IndyCar’s 2011 season-opener will be contested March 27 on a 1.8-mile temporary street course in St. Petersburg, Fla. The season-ender is scheduled for October on an oval that has yet to be announced, but most likely will be the 1.5-mile Las Vegas Motor Speedway.

Dallara begins Safety Cell input process: IndyCar Series regular E.J. Viso recently became the first driver to be fitted in a mockup monocoque of the 2012 IndyCar Safety Cell at Dallara Automobili in Parma, Italy.

Drivers of different heights will provide feedback regarding comfort, pedal positions, sightlines, headrests, steering wheel positions and leg room as part of the development process. Viso, of Venezuela, is among the series’ shortest drivers at 5-foot-5. American Graham Rahal, among the taller series drivers at 6-foot-2, is scheduled to visit the facility in mid-November. Additionally, Dallara personnel will measure their upright position relative to each other.

“I spent some time sitting in the cockpit of a mockup made out of a material at the moment that can be changed quickly, and we definitely found some points that need to be addressed,” said Viso, who drove for KV Racing Technology last season. “They’re all simple ones, but details will make the car even better.”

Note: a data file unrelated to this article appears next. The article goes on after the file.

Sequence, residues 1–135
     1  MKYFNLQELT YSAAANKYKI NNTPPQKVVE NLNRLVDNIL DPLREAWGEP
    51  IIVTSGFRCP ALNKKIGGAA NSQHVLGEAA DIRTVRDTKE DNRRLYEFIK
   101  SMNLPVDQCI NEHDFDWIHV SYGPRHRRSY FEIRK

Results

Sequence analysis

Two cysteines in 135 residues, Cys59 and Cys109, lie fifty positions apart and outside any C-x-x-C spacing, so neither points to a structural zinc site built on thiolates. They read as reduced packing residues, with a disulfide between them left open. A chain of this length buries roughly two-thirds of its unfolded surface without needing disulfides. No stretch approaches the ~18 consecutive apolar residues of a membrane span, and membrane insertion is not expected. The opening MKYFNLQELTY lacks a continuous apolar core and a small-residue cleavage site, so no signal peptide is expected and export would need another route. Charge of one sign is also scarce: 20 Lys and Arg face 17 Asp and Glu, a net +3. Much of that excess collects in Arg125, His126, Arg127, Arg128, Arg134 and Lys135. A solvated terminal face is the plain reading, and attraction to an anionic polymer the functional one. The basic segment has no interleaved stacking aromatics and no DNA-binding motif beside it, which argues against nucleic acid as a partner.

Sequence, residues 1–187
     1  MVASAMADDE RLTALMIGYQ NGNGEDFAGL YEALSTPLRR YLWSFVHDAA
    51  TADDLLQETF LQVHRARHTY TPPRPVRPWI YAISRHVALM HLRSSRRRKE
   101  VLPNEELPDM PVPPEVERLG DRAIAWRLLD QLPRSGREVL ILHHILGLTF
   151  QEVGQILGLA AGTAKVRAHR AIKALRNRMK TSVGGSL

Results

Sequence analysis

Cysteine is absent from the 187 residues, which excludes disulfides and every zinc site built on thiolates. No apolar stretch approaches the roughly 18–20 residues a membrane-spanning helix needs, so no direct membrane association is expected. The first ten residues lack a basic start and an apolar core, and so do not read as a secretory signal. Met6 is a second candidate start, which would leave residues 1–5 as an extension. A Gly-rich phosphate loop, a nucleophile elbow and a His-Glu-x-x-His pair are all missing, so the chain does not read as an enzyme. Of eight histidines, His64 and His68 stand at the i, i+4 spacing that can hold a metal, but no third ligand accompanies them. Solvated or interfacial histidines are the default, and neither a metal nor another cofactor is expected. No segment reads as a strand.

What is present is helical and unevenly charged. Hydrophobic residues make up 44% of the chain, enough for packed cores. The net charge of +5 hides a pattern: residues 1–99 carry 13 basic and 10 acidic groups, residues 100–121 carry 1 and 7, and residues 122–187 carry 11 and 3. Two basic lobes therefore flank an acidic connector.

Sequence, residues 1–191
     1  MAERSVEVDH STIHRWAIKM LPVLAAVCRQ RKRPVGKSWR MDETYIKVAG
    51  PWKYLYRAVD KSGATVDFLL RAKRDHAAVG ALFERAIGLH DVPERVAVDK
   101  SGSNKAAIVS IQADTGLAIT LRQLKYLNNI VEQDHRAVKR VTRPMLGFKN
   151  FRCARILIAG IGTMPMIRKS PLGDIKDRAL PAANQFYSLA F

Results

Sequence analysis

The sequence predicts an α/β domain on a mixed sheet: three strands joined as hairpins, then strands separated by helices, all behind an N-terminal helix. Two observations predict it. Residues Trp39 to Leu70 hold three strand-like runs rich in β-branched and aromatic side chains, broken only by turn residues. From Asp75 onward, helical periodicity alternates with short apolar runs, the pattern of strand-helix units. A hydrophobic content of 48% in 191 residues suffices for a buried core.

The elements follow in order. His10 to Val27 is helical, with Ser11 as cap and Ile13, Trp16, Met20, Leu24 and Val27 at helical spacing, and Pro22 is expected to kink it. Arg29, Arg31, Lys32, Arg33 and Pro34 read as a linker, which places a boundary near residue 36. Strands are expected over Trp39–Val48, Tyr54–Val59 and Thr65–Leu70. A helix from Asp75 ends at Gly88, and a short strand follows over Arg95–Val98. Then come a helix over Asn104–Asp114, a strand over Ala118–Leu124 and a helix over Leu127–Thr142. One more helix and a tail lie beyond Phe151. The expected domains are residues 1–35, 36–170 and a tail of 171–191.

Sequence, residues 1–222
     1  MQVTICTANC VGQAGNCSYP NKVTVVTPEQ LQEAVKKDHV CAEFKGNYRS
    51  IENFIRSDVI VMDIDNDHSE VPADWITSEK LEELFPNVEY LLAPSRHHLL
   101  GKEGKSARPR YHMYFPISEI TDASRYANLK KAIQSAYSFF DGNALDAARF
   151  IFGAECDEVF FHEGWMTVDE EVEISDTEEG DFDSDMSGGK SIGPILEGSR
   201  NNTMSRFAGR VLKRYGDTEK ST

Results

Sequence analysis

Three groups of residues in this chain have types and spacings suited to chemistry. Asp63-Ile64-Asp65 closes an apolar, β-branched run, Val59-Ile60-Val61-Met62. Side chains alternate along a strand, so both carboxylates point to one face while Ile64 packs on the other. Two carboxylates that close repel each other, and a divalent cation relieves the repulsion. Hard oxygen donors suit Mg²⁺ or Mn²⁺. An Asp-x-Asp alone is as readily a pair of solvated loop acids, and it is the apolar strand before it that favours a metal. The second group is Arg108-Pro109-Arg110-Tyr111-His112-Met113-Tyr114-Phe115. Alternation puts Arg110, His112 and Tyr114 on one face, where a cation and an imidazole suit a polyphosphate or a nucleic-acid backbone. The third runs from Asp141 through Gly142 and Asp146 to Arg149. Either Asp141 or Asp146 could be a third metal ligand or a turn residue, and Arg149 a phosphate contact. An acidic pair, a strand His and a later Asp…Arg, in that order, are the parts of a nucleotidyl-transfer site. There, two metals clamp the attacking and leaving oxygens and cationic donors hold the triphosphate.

The current Dallara chassis has been run since the 2003 season. Project manager Tony Cotman said driver input is invaluable in the process of designing the chassis that will roll onto the racetrack for the start of the 2012 season.

“Most of their comments are about how they fit in the current car, what they’d like to see different in the new car and what they’d like to see different in terms of technology,” Cotman said. “Drivers want all the gadgets but obviously safety is the No. 1 priority, and if we’re going to aim for slightly higher average lap speeds, safety will inevitably come up all the time. To be honest, they’ve had some of the best ideas.”

Series TV viewership up in 2010: IndyCar’s second season on the VERSUS cable network averaged 366,000 viewers for 12 telecasts, an increase of 16.2 percent over 2009.

The championship-deciding Cafes do Brasil Indy 300 at Homestead-Miami Speedway on Oct. 2, during which Ganassi Racing’s Dario Franchitti clinched his third title at the expense of Will Power, saw a 34 percent jump in viewers from last year.

VERSUS aired the final seven races of the 2010 season, averaging 316,000 viewers. That was up 8.2 percent from 292,000 viewers for the network’s final seven telecasts last year.  ABC’s four telecasts, which included the Indianapolis 500, averaged 2.696-million viewers, up 2.3 percent from 2.636-million viewers in ’09.

Patrick, Mann, Fisher earn awards: Danica Patrick is getting used to being honored by fans of the IndyCar Series.

“Let me know what to do to get this again next year,” Patrick, of Andretti Autosport, joked as she accepted the Indy DownForce IZOD IndyCar Series Most Popular Driver Award via a taped video message.